He ended the American Revolution as lieutenant governor and major general in Jamaica (1779–81). At a time of great importance, Campbell (now a major-general in the army) was appointed Governor of Jamaica in 1781. The British forces in America were faring ill: the French had joined the insurgents and threatened the British West India Islands, of which they captured Tobago, St. Eustatius, St. Kitts, Nevis and Montserrat. But Campbell laid his plans so well. He was so successful in raising native troops, and was so untiring in his vigilance that the French did not dare attack Jamaica without re-inforcements.

At the same time, Campbell did what he could to assist the British troops in America by sending them information, re-inforcements and supplies. By lending some of his troops to serve as marines, he materially aided Admiral Rodney in his great victory over François Joseph Paul de Grasse at the Battle of the Saintes, saving Jamaica from a French invasion.

Campbell's wife, Amelia, and her sister, only just managed to join him in Jamaica. The crossing was perilous and their convoy came under fire from a joint French and Spanish fleet, and their ship was the only one to get through. On returning from Jamaica, Campbell was awarded as Knight of the Order of the Bath.

Governor of Madras

In India, Madras was exhausted after the war against Mysore, and no serious military operations were undertaken until renewed hostilities against that state became inevitable at the end of 1789. In 1786, Campbell, who was now a well known and highly respected figure, was appointed commander-in-chief and governor of Madras. Throughout his term of office, the country had a rest from the devastating wars, and so he devoted himself to the development of peaceful institutions.

He founded a military board which absorbed the duties of the Committee of Works; a hospital board, a board of revenue and a board of trade. He reorganized the police, established a stock exchange and a bank. He built an astronomical observatory and constituted an orphanage. In fact, there was hardly a department of the civil administration in which he did not labour to secure improvement and order. Madras sustained a serious loss when, overcome by illness, he was forced to leave India in February 1789, retiring from the post of governor in 1790.

Final years

Archibald Campbell memorial, Westminster Abbey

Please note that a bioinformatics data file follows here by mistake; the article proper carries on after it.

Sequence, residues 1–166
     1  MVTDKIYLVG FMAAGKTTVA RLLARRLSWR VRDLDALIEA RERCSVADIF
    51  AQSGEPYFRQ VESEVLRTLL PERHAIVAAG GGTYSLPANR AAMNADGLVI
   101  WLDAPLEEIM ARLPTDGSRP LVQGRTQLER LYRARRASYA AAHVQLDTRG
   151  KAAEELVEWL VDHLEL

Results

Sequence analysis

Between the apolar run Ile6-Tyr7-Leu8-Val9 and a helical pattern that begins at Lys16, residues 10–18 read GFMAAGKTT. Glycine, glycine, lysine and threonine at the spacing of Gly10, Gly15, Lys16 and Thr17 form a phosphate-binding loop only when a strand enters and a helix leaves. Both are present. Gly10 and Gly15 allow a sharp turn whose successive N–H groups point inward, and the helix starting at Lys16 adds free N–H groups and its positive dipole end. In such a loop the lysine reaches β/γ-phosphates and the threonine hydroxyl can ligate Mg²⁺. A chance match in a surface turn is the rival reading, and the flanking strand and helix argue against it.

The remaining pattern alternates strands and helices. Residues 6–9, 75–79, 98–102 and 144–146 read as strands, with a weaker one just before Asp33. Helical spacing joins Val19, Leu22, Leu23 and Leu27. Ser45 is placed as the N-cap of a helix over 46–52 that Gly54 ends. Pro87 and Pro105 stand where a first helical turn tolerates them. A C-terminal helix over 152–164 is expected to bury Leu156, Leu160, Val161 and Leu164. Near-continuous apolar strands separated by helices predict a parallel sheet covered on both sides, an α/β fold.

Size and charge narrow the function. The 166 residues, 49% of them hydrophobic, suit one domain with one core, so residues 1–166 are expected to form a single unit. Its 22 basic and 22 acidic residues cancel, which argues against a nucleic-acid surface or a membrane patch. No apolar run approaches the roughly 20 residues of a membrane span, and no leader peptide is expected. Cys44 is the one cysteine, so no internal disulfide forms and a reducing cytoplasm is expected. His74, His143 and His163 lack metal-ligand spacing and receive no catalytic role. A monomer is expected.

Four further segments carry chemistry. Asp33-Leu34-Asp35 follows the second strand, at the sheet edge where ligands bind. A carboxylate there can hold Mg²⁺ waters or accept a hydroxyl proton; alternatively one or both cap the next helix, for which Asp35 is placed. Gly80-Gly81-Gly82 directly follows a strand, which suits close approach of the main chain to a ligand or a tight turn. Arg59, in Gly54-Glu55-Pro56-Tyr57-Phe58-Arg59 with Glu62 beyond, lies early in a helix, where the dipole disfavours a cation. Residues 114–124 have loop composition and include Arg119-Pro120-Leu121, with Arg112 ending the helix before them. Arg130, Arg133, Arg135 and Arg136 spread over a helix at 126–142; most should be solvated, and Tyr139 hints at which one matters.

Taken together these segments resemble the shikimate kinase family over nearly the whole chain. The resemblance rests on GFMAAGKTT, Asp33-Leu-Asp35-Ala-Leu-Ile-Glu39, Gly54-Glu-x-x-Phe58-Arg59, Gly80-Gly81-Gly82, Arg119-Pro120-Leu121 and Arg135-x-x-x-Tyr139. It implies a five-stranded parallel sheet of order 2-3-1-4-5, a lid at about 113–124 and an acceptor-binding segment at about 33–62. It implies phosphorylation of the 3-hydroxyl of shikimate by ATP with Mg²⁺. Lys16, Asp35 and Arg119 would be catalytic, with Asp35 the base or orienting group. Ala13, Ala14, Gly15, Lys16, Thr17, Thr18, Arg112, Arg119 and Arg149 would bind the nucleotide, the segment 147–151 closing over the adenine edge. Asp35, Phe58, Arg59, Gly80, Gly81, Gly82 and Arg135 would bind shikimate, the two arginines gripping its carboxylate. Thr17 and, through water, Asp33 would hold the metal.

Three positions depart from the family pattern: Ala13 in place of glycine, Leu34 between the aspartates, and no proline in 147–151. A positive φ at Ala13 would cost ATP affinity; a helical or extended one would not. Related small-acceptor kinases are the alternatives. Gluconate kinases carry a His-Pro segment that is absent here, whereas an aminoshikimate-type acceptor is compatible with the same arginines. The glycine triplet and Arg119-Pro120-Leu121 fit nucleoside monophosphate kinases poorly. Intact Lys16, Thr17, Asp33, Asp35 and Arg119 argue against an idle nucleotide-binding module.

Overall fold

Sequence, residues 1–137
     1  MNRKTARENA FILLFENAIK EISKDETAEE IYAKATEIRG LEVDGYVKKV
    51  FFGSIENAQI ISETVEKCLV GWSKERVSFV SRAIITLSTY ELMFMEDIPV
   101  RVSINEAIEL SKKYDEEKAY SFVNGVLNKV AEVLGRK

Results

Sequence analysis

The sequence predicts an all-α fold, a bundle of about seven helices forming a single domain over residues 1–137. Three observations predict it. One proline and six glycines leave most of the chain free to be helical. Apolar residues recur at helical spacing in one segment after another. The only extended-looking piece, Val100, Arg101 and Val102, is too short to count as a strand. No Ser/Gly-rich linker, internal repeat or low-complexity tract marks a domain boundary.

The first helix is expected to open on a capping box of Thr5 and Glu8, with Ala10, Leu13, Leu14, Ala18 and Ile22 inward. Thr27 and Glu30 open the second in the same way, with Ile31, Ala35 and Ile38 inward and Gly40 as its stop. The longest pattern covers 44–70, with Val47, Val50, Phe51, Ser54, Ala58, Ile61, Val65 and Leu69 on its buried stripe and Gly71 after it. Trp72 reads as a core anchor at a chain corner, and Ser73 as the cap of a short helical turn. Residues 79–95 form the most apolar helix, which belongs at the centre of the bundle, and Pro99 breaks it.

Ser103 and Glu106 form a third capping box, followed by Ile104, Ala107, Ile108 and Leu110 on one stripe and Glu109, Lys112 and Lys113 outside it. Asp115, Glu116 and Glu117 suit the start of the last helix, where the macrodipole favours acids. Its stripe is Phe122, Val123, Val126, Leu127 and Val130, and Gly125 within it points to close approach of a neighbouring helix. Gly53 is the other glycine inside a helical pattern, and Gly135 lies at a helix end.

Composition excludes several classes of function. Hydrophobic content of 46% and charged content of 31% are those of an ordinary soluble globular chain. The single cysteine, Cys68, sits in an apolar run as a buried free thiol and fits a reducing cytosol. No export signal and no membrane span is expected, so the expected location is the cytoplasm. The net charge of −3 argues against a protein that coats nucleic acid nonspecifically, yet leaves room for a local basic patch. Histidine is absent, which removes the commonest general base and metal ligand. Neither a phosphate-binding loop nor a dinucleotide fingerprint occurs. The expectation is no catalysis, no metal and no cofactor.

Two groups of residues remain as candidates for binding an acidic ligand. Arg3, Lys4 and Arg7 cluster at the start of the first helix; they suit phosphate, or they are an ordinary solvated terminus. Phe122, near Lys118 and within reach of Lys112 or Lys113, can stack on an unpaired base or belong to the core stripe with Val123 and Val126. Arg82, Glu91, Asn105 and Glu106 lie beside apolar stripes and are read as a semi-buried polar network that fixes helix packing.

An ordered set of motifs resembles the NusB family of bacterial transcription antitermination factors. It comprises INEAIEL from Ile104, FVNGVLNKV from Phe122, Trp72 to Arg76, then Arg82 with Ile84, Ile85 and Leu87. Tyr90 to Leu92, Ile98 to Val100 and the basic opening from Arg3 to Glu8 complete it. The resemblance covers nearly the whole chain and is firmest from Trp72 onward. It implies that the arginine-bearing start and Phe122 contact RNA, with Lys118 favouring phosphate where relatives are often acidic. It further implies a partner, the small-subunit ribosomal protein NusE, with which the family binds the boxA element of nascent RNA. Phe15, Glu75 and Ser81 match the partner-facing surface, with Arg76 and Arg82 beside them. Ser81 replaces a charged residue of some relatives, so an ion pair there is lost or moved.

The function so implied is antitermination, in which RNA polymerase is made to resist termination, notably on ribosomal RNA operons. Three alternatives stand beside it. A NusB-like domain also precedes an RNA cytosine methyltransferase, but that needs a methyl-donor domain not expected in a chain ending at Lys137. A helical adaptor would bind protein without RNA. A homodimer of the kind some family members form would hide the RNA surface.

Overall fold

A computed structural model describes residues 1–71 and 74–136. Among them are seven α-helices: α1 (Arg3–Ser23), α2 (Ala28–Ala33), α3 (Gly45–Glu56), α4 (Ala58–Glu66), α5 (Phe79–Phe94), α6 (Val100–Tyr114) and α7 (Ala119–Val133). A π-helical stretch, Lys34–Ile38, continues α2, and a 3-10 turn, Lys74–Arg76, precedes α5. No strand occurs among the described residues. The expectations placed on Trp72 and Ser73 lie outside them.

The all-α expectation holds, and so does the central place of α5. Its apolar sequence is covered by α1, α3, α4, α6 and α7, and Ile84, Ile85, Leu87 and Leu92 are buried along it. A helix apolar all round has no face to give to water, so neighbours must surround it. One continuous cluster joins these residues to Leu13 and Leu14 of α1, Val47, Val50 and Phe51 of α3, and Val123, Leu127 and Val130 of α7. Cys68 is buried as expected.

On returning home, Campbell acquired the office of Usher of the White Rod. The Institution of Royal Engineers described Campbell as "the most brilliant of the engineers who served in India during the eighteenth century". Following a cold caught coming up from Scotland, he died the following year, 31 March 1791, at his newly purchased London home on Upper Grosvenor Street, bought from the Duke of Montrose. He was only fifty-one. His fortune, land and political titles passed to his two brothers, and his wife was given £25,000.

Campbell and his wife died without children, and they were both buried at Westminster Abbey next to Handel's Monument in Poets' Corner.[3] A memorial by the sculptor Joseph Wilton was erected in the Abbey in 1795.[3] Also buried in the Abbey are his nephew, Lt.-General Sir James Campbell of Inverneill and his wife's kinsmen, the Earl of Mansfield and Admiral Lindsay.[2]


He sat for thirteen sittings from January to May 1790 for a portrait by artist George Romney. Romney produced several versions of the final portrait; the principal one was bought for 70 guineas by Lady Campbell from Romney via a forwarding agent in 1791, which is now owned by the National Army Museum in London (FDA-1970-12-13) – it was until December 2008 on display as part of its permanent display on the American Revolutionary War. Three other copies are attested, one of which is now displayed in the National Gallery of Art, Washington.[4][5][6]

See also


  1. "CAMPBELL, Archibald (1739–91), of Inverneil, Argyll. ". History of Parliament Online. Retrieved 3 December 2017.
  2. Davis, p.47
  3. "Sir Archibald & Sir James Campbell". Westminster Abbey. Retrieved 16 August 2022.
  4. Davis, p. 45
  5. NGA catalogue entry
  6. NGA paper catalogue entry